Tutor spotlight : Michelle Keegan
Michelle Keegan is no stranger to our workshop or indeed WYPW having received our Flourish Award for Excellence in Printmaking back in 2014. An experienced printmaker, Michelle has been sharing her love and passion for print extensively throughout her career either through the delivery of workshops not only with ourselves and other print workshops across the country but also by working as a tutor for the Open College of the Arts and a Senior Lecturer in Printmaking at The University of Northampton.
Her own practice explores a range of intaglio techniques with the importance of process and the physicality of the materials with which she chooses to work an integral part of the process. About her approach to practice Michelle states, “The images emerge through allowing the print process of etching and the personality of the metal, on which the images are constructed, to become essential to the visual dialogue. The nature of the process demands clarity of thought, precision and reflection throughout the making process.”. Her preferred subject matter lies within exploring the boundaries between people, places and liminality. Investigating the dynamics and ambiguities of relationships, therefore exposing private ways of seeing and that of wider public discourses.
“Drainage dykes, sea walls, and electricity pylons are structures of modernity that traverse the flat expanses of the marshland. These act as departure points for sketches that I make on site during visits to the South (I strongly identify with Romney Marsh, where I spent much of my childhood and adolescence, as my spiritual home, it is a place whose desolate and minimal characteristics continually ‘haunt’ the aesthetic of my work). The drawings are then playfully distorted into overlapping layers of line and texture on zinc and copper plates. The etching process becomes one of spontaneous transcription, of feelings and memories, both familiar and elusive, which evolves as I work. The results are intricate and complex multi-layered prints that resist literal interpretation and lack referential scale. Honouring instead a physically charged and deeply personal mapping of the environment.”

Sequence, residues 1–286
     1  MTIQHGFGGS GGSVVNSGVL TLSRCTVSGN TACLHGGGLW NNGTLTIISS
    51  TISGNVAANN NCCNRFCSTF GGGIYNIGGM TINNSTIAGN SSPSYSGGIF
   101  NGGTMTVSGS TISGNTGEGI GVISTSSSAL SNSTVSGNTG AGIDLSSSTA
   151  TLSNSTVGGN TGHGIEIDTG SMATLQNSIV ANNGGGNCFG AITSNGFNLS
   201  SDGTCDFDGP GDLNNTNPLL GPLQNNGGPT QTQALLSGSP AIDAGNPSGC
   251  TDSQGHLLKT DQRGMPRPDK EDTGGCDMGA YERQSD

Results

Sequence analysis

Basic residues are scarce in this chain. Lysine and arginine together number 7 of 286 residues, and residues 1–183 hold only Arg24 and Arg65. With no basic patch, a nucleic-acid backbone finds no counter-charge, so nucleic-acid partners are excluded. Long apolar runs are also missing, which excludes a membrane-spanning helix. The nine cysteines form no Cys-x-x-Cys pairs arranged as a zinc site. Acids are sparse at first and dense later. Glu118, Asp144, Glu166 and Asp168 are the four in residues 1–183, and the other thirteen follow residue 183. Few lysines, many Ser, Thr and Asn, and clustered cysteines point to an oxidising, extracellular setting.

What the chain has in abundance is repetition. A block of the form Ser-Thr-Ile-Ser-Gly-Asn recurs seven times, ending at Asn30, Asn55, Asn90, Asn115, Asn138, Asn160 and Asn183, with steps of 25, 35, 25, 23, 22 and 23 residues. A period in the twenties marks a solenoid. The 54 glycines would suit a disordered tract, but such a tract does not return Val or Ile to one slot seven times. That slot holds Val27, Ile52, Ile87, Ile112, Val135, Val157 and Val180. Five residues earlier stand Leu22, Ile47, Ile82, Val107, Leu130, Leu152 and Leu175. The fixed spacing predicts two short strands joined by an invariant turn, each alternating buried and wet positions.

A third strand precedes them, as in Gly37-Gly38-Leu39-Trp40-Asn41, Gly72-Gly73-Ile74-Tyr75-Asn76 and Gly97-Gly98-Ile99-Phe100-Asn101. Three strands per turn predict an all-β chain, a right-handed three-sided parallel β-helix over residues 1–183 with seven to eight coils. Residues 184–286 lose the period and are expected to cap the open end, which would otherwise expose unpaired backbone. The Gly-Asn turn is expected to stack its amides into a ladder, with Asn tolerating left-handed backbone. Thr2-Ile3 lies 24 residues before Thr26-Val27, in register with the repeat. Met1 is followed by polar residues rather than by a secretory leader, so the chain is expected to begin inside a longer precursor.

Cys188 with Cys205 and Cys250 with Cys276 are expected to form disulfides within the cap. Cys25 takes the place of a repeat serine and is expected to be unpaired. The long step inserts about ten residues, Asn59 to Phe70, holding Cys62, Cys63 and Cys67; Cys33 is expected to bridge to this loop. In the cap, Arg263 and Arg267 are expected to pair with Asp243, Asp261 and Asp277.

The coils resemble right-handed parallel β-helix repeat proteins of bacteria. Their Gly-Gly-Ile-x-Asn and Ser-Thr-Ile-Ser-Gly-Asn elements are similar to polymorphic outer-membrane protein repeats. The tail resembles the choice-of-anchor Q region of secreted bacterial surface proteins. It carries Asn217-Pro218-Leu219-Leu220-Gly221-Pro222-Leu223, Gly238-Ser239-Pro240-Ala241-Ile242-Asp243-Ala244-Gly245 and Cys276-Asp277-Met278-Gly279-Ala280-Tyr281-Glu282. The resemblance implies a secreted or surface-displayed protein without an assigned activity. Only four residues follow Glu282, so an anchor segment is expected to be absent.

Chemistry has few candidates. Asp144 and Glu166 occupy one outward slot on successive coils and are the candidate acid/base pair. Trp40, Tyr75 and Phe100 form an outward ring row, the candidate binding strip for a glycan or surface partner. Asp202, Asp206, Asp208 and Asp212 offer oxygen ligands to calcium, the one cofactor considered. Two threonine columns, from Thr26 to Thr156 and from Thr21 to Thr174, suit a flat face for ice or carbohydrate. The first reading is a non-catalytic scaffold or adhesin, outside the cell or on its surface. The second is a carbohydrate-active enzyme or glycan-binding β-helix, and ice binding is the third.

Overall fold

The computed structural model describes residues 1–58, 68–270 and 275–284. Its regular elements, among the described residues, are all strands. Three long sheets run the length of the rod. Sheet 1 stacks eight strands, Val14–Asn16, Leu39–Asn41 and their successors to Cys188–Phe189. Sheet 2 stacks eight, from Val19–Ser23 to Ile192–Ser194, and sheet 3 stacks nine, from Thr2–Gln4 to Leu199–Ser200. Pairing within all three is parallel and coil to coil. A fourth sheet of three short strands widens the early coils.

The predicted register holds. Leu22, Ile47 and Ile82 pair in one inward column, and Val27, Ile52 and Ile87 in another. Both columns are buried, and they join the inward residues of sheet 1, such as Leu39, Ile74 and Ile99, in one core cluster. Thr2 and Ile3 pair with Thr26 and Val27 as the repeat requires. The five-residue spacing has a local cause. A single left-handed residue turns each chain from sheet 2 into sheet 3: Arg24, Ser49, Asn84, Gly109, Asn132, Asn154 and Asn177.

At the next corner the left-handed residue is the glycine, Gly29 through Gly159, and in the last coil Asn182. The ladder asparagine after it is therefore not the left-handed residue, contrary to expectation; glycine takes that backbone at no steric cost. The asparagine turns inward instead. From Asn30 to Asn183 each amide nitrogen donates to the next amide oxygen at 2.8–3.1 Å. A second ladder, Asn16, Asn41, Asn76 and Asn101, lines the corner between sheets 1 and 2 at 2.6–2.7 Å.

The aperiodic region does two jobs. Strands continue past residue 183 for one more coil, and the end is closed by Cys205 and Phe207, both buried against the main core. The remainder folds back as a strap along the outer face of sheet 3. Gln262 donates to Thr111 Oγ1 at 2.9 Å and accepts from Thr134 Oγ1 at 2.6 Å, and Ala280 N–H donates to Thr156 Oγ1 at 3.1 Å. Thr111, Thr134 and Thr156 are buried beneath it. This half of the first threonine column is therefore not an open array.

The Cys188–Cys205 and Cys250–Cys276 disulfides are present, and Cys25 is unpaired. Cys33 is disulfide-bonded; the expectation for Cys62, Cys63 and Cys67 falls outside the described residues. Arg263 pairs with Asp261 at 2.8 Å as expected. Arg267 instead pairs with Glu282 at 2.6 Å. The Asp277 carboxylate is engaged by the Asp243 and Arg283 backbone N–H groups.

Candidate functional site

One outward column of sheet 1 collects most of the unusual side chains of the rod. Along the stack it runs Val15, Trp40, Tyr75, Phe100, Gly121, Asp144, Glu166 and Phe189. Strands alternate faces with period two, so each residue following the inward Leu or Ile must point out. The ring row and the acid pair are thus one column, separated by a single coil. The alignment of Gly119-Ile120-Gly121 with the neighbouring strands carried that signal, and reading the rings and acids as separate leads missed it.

Despite her extensive knowledge, the importance of continued curiosity and experimentation is always there; “I’ve been teaching Printmaking for over 25 years, but nothing gives me greater pleasure than visiting a print workshop and undertaking a course myself and a visit to a print workshop can provide welcome motivation and inspiration to develop ideas and work in new directions.”
Michelle will be with us again in March next year to teach her ever popular ‘Layers and Line’ workshop – we hope some of you decide to join us and benefit from her enthusiasm for exploring something new! You can see more of Michelle’s work on her Website.